Posts Tagged ‘bully’

Bullying is a serious issue.  It happens with all age groups.  It happens in all communities.  White, brown.  Rich, poor.  Public schools, private schools.  Girls and boys.  It has also been happening for many years and has not been taken seriously.  Now we have children dying because of it.  We can no longer turn our back to it.  We can no longer be quiet about it.

 For the purpose of addressing the bullies it has been recommended in the school system that the schools: 

  • Increase supervision is inadequate in unstructured locations, such as the school  bus
  • Ensure there are consequences for bullying
  • Have the perpetrator have conferences with a counselor
  • Have the perpetrator have a conference with administrator
  • Notify the parents of the incident, both from the perpetrator perspective and the victim
  • Establish a disciplinary write-up which includes parent contact
  • Escalate to the law enforcement officials.

For the purpose of addressing the victims it has been recommended creating a program to help children prevent assaults and other victimization.  These programs typically include:

  • Helping children identify dangerous situations;
  • Teaching children techniques for evading these situations, such as saying ‘no,’ yelling and screaming, and running away;
  • Encouraging children to tell an adult about the incident;
  • And assuring the child that the incident is not his/her fault.

Children Against Children Research Center (CCRC) researchers have investigated the efficacy of such programs. Among the findings:

  • Children appear to acquire the concepts that are being taught in these programs.
  • Children involved in school-based prevention programs were more likely to use the school-taught self-protection strategies when victimized or threatened; were more likely to feel they were successful in protecting themselves; and were more likely to disclose to someone about the victimization attempts.
  • Children in school-based prevention programs were not able to lessen the seriousness of assaults and, in fact, received more injuries in sexual assaults.

It doesn’t surprise me that the students understood the concept of the bullying program and perhaps improved the reporting of the occurrences.  I don’t believe that it is true that the students were more likely to use self-protection strategies.  Once again the burden is on the child.  The child realizes there are repercussions with these strategies, and who is going to be there when they don’t work.  Remember the same strategies are being taught to the victims and the perpetrators.  And finally as it states above, there has not been an improvement in the seriousness of the assaults.

I don’t have the all of the answers, but I think there needs to be zero tolerance for acts of bullying, whether that be teasing, harassment, or bullying.  I don’t care what you call it.  All I know is it is detrimental.  Zero tolerance means immediate consequences.  What do we do in the adult world.  If an individual assaults another person, and it has been proven to be true by the legal system, the perpetrator losing his rights.  Why are we not doing the same with children?  I really don’t see how any of the tactics described above are going to “change” the bully, and ensure that it is changed.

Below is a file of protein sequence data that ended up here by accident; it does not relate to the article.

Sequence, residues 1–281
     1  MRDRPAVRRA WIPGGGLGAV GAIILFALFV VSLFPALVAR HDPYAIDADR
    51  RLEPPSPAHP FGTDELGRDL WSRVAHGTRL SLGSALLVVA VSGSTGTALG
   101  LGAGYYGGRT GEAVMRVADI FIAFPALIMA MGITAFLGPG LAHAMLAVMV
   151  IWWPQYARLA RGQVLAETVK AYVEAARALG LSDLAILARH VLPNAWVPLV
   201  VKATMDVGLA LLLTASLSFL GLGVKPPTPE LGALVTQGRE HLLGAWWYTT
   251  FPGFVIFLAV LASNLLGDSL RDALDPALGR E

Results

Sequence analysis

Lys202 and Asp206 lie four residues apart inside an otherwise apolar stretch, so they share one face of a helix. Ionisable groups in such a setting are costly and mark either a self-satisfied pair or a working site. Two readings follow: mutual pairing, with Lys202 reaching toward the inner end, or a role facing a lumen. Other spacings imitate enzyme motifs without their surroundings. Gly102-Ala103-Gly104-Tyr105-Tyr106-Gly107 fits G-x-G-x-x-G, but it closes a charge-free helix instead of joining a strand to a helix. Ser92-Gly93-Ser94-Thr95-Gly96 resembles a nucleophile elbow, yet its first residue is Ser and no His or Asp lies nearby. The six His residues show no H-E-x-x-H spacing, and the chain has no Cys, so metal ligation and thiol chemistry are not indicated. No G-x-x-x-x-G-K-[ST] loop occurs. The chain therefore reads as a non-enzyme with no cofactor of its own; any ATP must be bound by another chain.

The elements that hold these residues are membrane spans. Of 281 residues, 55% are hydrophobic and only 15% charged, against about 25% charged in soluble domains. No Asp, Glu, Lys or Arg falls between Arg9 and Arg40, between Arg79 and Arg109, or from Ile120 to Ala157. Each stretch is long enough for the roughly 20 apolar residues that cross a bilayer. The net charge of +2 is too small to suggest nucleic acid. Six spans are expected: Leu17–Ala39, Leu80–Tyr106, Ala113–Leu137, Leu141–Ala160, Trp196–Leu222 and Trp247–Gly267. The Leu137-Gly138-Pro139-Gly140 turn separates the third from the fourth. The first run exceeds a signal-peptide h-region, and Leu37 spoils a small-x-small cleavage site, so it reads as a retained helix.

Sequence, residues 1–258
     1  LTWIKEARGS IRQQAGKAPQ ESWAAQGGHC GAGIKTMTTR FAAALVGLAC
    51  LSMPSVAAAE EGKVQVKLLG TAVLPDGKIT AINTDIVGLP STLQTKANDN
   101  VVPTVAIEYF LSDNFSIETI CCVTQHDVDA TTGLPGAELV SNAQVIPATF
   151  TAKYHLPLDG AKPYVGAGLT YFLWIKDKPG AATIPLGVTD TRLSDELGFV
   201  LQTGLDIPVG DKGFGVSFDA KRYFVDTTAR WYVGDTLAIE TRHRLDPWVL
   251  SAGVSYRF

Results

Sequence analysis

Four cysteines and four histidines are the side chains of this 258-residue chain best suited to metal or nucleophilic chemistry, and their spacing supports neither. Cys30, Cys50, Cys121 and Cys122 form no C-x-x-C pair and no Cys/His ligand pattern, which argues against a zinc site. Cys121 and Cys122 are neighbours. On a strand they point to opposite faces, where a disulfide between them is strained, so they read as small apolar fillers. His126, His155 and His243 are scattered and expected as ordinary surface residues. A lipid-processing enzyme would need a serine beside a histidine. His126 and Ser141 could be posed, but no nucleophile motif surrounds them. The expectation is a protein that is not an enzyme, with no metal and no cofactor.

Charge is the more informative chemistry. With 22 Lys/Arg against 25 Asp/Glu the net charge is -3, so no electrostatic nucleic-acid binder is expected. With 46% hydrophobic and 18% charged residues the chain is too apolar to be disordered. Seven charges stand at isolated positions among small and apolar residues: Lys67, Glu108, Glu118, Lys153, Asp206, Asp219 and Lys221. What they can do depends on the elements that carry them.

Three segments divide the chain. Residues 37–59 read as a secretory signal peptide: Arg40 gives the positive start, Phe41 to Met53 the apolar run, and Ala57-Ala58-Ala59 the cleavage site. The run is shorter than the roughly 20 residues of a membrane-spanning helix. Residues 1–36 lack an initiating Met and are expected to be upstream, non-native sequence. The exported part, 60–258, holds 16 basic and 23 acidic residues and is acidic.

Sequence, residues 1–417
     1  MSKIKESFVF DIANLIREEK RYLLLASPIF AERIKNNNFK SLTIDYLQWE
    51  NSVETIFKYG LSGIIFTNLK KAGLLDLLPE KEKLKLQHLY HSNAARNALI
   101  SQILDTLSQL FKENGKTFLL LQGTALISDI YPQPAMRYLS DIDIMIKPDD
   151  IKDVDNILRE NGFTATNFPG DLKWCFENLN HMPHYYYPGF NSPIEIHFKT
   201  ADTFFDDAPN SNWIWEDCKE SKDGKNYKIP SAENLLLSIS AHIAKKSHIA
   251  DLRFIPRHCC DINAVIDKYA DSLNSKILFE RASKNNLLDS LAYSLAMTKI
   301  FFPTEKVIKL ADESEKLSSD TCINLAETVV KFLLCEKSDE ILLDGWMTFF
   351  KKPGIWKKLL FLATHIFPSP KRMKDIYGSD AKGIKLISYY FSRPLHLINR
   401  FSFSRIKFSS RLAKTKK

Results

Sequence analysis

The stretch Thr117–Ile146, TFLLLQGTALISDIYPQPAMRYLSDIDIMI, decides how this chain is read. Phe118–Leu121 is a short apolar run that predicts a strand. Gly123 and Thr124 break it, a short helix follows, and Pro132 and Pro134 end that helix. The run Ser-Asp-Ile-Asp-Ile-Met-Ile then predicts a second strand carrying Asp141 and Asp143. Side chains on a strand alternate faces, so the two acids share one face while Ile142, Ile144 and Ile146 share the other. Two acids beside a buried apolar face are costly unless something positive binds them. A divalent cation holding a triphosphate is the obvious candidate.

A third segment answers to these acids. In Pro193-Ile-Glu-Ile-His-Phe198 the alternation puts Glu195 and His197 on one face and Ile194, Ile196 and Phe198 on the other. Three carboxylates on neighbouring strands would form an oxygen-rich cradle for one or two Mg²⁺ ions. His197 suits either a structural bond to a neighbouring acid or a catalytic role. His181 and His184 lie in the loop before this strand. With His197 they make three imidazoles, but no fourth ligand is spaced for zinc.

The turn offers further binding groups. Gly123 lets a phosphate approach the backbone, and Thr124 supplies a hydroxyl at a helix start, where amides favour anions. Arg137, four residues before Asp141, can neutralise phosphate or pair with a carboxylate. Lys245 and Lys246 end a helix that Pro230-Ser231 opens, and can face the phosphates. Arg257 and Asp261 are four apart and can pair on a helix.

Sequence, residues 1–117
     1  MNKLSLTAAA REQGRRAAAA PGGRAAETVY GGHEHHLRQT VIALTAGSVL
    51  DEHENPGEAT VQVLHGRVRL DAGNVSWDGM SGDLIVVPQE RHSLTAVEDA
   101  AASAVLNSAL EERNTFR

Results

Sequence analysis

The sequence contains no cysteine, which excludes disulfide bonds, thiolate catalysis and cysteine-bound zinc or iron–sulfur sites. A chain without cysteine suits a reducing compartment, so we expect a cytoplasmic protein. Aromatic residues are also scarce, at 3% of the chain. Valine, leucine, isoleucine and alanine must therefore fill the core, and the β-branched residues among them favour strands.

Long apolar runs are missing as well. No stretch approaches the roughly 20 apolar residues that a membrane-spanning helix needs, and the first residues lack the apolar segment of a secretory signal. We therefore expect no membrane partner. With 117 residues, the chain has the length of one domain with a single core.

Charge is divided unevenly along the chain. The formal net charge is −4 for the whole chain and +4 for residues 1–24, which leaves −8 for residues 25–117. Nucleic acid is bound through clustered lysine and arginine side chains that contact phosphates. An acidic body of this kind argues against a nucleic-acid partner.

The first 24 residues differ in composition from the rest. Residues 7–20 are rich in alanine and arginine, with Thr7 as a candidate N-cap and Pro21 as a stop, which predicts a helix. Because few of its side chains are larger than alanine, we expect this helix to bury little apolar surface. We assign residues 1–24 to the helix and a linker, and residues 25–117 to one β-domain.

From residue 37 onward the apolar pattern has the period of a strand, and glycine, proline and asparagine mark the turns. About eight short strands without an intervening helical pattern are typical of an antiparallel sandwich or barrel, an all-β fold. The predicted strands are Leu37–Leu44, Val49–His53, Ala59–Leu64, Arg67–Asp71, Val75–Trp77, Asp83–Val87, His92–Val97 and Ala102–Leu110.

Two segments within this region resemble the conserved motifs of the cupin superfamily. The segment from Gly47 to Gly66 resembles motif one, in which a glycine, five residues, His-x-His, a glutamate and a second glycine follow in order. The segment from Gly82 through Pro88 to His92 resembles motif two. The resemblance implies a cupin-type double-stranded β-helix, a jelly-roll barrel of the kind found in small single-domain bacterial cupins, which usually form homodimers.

The only thing I suggest is that everyone needs to be much more observant.  When an incident occurs or is suspicious it should be seriously investigated and addressed.  The only way a bully will change his actions is if he knows what the consequences are, and the consequences are severe enough that would dissuade the bully from continuing with this deviant behavior.  There should no longer be a private enforcement of consequences.  How many times have you heard through the grapevine that so and so got detention, or so and so was sent home, or so and so had their parents brought into school?  When a bully makes the decision to harm others  he has taken a public stand, and he has lost the right for privacy.  Make it public.  Set an example.  These kids need to know what fear is. 

As for the victims, once again we need to be observant.  When an incident arises, whether the victim reports it or other students, the situation needs to be addressed.  Immediately.  All of the students, both victim and perpetrator should recognize that it is being addressed.  Once students recognize that the adults are truly taking care of the situation, including protecting the victim, they will be more likely to report such incidents.  And finally, no child should be taught that they need to deal with peer issues all by themselves.  This is too much for a victim of bullying to be responsible for.  Children do not have the ability to judge what they should do.  This action alone is a punishment to the victim.  You may say, but that is going to require judgement, and who is going to be responsible for that?  Well right now we are making the victim be responsible for the judgement, and this wrong.  We need to quit punishing the victim, and start punishing the bully.  .  As an adult I have this right, then so should our children. 


Olweus, D. (2001). Peer harassment: A critical analysis and some important issues. In J. Juvonen & S. Graham (Eds.), Peer harassment in schools: The plight of the vulnerable and the victimized. New York: The Guilford Press.

Related Posts:

Teasing . . . another form of bullying

Bullies and their victims . . .